According to St. Thomas joy is a type of pleasure.  Pleasure is what we experience when we obtain a desired good.  Example: I experience pleasure when I eat food when I am hungry. Joy is pleasure at the level of intellect in contrast to pleasure at the level of sense. Whether it is derived from a good meal or from sex or drugs, this latter is always transient.  Joy is a more abiding pleasure, going beyond the senses. Joy does not so much delight the emotions as lend satisfaction to the intellect.

It is because it goes beyond the senses that joy can co-exist with physical discomfort and with struggle, and even pain.  The prime example is that of the martyrs who could be joyful even as they faced cruel suffering and death.  They were focused on soon obtaining what they considered the highest good: union with their Savior-God.

Saint Peter in his first letter (1: 6-7) speaks of how joy and suffering co-exist.  “This is a great joy to you, even though for a short time you must bear all sorts of trials; so that the worth of your faith, more valuable than gold, which is perishable, even if it has been tested by fire, may be proved – to your praise and honor when Jesus Christ is revealed.”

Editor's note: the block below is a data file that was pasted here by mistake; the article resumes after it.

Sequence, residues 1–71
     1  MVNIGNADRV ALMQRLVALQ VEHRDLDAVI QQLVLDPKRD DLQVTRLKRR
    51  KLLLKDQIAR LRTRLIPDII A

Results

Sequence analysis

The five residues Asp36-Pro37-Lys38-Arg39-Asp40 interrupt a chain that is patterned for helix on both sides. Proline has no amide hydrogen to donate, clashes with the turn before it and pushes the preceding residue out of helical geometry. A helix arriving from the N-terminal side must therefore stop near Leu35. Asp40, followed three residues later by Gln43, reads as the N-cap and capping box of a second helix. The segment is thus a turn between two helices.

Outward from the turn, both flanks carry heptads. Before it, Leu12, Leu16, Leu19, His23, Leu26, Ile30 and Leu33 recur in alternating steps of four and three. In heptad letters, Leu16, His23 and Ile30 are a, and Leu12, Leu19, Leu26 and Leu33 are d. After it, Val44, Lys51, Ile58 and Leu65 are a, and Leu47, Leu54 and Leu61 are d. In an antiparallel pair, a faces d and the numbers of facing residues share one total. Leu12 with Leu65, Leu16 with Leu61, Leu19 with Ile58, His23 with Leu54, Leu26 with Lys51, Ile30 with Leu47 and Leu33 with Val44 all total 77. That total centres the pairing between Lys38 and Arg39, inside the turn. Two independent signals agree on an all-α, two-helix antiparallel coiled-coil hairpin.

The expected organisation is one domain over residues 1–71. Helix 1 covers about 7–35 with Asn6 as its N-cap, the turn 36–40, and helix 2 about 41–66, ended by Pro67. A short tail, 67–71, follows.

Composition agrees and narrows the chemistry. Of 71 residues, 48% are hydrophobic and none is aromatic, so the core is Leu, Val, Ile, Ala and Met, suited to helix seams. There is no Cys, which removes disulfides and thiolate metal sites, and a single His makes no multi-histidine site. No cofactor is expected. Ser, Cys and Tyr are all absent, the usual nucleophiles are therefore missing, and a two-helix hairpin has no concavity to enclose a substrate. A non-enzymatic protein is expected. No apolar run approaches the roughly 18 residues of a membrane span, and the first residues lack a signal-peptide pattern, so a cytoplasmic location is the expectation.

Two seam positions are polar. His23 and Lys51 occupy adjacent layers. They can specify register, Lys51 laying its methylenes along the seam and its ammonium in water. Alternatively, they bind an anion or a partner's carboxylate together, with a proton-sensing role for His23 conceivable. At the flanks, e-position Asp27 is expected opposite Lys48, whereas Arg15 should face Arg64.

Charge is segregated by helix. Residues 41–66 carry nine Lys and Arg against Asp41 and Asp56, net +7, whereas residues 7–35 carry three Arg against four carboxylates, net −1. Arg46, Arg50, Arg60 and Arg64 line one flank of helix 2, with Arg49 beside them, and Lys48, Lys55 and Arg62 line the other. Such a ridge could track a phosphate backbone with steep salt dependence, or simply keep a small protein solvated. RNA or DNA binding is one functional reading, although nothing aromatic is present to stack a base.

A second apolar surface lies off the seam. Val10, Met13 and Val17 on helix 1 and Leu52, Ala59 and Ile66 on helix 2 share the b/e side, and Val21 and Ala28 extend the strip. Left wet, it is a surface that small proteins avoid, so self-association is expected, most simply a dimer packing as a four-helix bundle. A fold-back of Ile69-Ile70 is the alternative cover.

Joy involves the ability to keep things in the proper perspective, in the context of what is truly important i.e. one’s salvation.

The Christian must be a person of hope, believing that the good God has promised will be accomplished.  In fact, faith tells us that Jesus, through his suffering and death, has already won our salvation, that victory over sin and death has been achieved.  The greatest gift is already within our grasp.  Our sins are washed away in the blood of Christ.  Eternal life has been made available.

Every Christian, even in the face of life’s inevitable pains, struggles and doubts, ought to
be a person of joy.  Joy is ultimately a sign of trust in God, the conviction that all things
are in his hands.  That joyful trust in God’s providence is reflected in some of the hymns
we sing at liturgical celebrations. There is the beautiful Ode to Joy: Joyful, joyful, we
adore thee…. Well-spring of the joy of living.”  And we sing of our trust: “I know that my
Redeemer lives, that I shall rise again.”